105. “In the Wee Small Hours of the Morning,” Frank Sinatra. Songwriters: David Mann, Bob Hilliard; Did Not Chart; 1955. Songwriters David Mann and Bob Hilliard didn’t labor over “In the Wee Small Hours of the Morning,” they penned it late at night after an evening of playing cards. As old acquaintances of Franks Sinatra and Nelson Riddle, they pitched this tale of dire loneliness immediately to Sinatra who made it the title track of this 1955 concept album on lost love. Musicologist Mark Steyn, “Most singers, sometimes even very good ones, don’t do anything but sing big on the ends of lines. Here Sinatra does the opposite, easing off on the word ‘morning’ and somehow touching loneliness with tenderness. He knows exactly how much dramatic weight to give each word. Sinatra’s interpretation here is as great as anything he’s ever done.” Iman Lababedi on the corresponding album, “The original ‘Small Hours’ is an achievement of huge proportions, it is the essence of greatness, it is art as pop heartbreak and it stands 70 years later as something no one else can achieve. Frank was just hitting forty when he recorded ‘Wee Small,’ but it was a young man’s album and song, its dramatic downturn was conflated by youth, the pain so palpable, it couldn’t be real: they were Sinatra’s songs of infatuation, born to end.”

104. “Heroin,” Velvet Underground. Songwriter: Lou Reed; Did Not Chart; 1967. Lou Reed, “I was working for a record company as a songwriter, where they’d lock me in a room and they’d say write ten surfing songs, ya know, and I wrote ‘Heroin’ and I said ‘Hey I got something for ya.’ They said, ‘Never gonna happen, never gonna happen.’” “Heroin” is one of the most darkly cinematic musical journeys of the 1960s, as Lou feels like Jesus’s son after putting a spike to his vein while the band alternates between warm feedback and frenzied chaos. The dynamics of the song replicate the frenzied anxiety and the disquieting peace of a drug addiction. Reed, “At the time I wrote ‘Heroin,’ I felt like a very rather negative, strung-out, violent, aggressive person. I meant those songs to sort of exorcize the darkness, or the self-destructive element in me, and hope that other people would take them the same way. ‘Heroin’ is very close to the feeling you get from smack. It starts on a certain level, it’s deceptive. You think you’re enjoying it. But by the time it hits you, it’s too late. You don’t have any choice. It comes at you harder and faster and keeps on coming. The song is everything that the real thing is doing to you.” Author Sean Stanley, “While the Beatles were singing that all you need is love, Reed was declaring that all he needed was drugs, and redefining how rock should sound in the process.”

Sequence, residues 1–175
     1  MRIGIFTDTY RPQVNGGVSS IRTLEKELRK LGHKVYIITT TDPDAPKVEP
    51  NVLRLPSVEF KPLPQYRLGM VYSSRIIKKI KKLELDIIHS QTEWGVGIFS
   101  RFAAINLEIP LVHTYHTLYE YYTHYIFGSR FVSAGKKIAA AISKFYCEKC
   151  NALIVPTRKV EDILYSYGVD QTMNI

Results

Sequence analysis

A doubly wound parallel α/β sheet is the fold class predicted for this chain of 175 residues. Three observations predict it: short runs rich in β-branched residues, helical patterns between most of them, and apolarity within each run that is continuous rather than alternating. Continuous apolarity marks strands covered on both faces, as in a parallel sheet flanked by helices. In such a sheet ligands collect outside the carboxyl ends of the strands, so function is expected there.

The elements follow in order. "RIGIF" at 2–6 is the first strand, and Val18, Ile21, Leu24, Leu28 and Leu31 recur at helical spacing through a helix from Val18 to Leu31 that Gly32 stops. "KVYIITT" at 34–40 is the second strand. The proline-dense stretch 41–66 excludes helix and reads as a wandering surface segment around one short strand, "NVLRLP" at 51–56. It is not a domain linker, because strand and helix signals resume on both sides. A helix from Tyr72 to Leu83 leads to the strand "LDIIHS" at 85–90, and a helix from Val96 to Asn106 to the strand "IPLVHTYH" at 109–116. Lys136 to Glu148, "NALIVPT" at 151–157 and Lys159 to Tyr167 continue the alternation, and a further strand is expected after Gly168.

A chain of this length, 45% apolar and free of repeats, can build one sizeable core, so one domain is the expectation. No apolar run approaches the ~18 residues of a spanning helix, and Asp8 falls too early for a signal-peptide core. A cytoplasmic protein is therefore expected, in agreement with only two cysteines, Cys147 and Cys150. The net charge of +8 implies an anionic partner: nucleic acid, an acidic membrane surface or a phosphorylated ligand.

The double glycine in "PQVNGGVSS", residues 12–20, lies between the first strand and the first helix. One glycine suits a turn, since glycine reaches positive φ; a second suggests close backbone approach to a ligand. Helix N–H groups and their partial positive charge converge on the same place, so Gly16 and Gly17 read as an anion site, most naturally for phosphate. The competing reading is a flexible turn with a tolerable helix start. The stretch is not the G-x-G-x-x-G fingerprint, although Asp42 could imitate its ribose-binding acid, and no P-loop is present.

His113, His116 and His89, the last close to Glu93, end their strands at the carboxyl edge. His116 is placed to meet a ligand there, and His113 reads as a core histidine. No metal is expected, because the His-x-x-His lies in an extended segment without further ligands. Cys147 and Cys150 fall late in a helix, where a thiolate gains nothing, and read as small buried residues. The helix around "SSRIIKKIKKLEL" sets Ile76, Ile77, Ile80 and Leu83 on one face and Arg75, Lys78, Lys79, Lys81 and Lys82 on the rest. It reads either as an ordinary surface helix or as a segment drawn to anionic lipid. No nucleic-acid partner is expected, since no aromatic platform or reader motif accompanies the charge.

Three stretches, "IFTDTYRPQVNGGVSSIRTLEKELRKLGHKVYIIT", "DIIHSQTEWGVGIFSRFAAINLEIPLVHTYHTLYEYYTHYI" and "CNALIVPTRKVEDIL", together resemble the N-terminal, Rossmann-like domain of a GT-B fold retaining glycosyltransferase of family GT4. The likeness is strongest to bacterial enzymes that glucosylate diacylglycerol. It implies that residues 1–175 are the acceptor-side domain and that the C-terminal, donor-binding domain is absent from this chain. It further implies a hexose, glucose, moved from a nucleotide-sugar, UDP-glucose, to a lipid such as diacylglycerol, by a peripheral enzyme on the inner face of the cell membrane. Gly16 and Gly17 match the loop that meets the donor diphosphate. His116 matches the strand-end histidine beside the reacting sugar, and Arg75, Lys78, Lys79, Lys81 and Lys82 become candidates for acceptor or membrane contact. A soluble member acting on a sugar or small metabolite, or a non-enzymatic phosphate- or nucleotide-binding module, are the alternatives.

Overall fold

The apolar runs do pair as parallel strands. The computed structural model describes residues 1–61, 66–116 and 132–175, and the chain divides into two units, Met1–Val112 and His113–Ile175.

103. “Great Balls of Fire,” Jerry Lee Lewis. Songwriters: Otis Blackwell, Jack Hammer (Earl Solomon Burroughs); #2 pop/#1 country/#3 R&B; 1958. Interviewer, “What did you think when Elvis died?” Jerry Lee Lewis, “I was glad, really, just another one out of the way. Elvis this, Elvis that. What the shit did Elvis ever do except take dope that I couldn’t get a hold of.” Jerry Lee certainly howled about lust in ways that Elvis didn’t, with “Great Balls of Fire” perhaps not even being a metaphor for The Killer’s sexual desires. The concept originated with “Fujiyama Mama” songwriter Jack Hammer, who wrote a song with the title Jerry Lee would make famous. Otis Blackwell took the title and wrote a different song, although Hammer still received a co-writing credit. At one point during the recording session, per Lewis biographer Nick Tosches, “(Lewis) decided that the song was of the devil and that to sing it was to sin,” resulting in an extended, and perhaps drunken, argument with Sam Phillips. Author Cub Koda, “The song is over in a little more than a minute and a half and yet is perfectly realized with probably Jerry Lee’s best solo to recommend it and a vocal that borders on lascivious.” Nick Tosches, “It was the best-selling record in the history of Sun. Jerry Lee told his daddy that there were almost as many zeros on his checks as there had been F’s on his third-grade report card.”